Cambridge, Mass.-based Genzyme
Genzyme CEO Henri Termeer described the job-cut plan this week in a memo to employees. The layoffs represent about 10% of the company's workforce, he said.
"We are at a pivotal point in Genzyme's history," Termeer said in the memo. "In an external environment of increasing pressure to reduce health-care costs, we must take actions to strengthen Genzyme to compete successfully. We have grown rapidly over the past two decades, increasing in size and diversifying our portfolio of products. Over the past year, our growth has been interrupted while we work to restore supply of needed therapies to patients and transform our manufacturing operations. The recent takeover proposal reinforces how important it is to take control and maximize the value we bring to patients and shareholders."
This latest news comes after what has been a turbulent 15-month stretch in Genzyme's history. The company, founded in 1981, has grown into one of biotech's powerhouse companies and the world's largest maker of drugs for rare genetic diseases. It had about 12,000 employees worldwide at the beginning of this year, $4.5 billion in revenue a year ago, and a stock market valuation of $18 billion in today's trading. But a manufacturing nightmare began for the company when it said on June 16, 2009, that it had discovered a viral contamination at its Allston, Mass., biotech drug factory.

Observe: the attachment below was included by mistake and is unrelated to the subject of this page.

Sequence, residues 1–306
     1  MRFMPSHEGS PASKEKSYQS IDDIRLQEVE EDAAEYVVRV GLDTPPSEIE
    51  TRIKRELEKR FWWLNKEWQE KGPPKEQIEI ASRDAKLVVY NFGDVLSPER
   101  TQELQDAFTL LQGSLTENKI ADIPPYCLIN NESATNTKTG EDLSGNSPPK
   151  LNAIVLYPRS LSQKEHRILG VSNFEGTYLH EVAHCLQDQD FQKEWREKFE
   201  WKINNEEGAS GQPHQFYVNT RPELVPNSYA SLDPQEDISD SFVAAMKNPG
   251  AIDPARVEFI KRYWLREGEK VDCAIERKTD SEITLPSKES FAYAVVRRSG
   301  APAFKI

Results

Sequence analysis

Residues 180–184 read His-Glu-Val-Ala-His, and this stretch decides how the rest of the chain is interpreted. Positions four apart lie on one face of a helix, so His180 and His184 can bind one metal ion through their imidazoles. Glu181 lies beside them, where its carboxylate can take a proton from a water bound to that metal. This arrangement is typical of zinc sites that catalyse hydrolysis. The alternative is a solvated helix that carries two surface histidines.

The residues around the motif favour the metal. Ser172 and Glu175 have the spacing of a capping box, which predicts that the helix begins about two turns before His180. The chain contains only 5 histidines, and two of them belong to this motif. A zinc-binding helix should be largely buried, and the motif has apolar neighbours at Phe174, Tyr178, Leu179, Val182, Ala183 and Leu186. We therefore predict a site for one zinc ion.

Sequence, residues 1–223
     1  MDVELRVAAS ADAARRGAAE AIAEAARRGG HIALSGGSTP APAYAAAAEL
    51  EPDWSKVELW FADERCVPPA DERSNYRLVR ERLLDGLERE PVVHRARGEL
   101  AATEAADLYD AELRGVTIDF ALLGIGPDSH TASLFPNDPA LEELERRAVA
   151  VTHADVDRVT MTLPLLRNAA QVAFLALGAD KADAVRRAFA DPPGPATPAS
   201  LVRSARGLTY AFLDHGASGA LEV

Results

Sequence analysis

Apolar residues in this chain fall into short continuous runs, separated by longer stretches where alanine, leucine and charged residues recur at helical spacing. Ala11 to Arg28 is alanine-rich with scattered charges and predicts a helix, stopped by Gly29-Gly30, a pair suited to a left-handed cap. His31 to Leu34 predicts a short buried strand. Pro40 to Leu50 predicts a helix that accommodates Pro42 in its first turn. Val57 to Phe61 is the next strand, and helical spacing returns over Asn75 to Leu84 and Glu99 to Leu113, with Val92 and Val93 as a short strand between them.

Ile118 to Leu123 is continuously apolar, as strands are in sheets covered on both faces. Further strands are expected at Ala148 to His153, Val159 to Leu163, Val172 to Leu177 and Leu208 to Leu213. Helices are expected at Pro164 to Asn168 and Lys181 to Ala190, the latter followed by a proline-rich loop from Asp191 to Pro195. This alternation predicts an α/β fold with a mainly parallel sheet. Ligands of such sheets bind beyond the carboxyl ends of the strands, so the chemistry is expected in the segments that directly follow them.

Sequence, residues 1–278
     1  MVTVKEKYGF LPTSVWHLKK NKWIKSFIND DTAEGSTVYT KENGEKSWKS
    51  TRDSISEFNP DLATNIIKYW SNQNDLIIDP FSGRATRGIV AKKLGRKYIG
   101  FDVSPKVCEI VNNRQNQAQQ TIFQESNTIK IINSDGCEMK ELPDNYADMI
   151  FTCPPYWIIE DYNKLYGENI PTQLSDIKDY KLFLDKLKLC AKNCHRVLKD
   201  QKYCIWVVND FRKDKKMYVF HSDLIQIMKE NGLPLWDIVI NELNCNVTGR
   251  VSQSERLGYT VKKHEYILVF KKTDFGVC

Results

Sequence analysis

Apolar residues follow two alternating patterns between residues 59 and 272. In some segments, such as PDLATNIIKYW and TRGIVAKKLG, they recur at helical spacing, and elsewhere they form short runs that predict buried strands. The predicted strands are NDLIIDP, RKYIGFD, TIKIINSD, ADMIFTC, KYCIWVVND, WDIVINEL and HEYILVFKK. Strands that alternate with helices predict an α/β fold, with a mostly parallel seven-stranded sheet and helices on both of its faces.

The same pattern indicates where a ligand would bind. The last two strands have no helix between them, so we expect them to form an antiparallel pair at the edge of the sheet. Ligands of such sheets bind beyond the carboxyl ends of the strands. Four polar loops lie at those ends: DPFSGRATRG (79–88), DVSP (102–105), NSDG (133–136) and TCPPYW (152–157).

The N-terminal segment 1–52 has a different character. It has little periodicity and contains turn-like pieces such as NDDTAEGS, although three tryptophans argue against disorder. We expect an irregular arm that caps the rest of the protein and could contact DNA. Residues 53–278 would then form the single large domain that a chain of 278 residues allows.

The ensuing decontamination process led to shortages of Genzyme's two best-selling drugs. The shortages created an opening for competitors and attracted activist investors such as Carl Icahn and Ralph Whitworth to shake up the company's leadership.
Job cuts were first discussed as part of Genzyme's new five-point strategy at an analyst day back in May, says company spokesman Bo Piela. The plan outlined initiatives to divest certain parts of Genzyme's business, repurchase shares to boost the stock price, and make cost cuts, among other measures, Piela says. He added that the company isn't ready yet to say exactly when the job cuts will occur, or how many people will be affected in Massachusetts, because it is just beginning the cost-cutting process. Genzyme also didn't issue a formal statement to the media or investors yet, although that is planned for next week.
"We thought it was important to share the information with our employees first," Piela says.
The cost cuts extend beyond just the 1,000 layoffs, Termeer said in the memo. There will clearly be a wider ripple effect throughout the New England biotech community.
"In addition, we are decreasing contract labor, freezing hiring for all but the most critical positions such as quality and manufacturing, and exploring opportunities to outsource parts of some functions," Termeer said in the memo. "We are making these decisions in the next couple of months, and they will be implemented over the next year."
"For the first time in our company's history we are faced with the need to make these painful decisions," the CEO added.
Genzyme shares hardly budged as reports began to circulate about the layoffs. The stock rose by $0.16 to $70.79 on Friday.
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Luke Timmerman is the national biotech editor of Xconomy and the editor of Xconomy Seattle. You can e-mail him at firstname.lastname@example.org or follow him at twitter.com/ldtimmerman.
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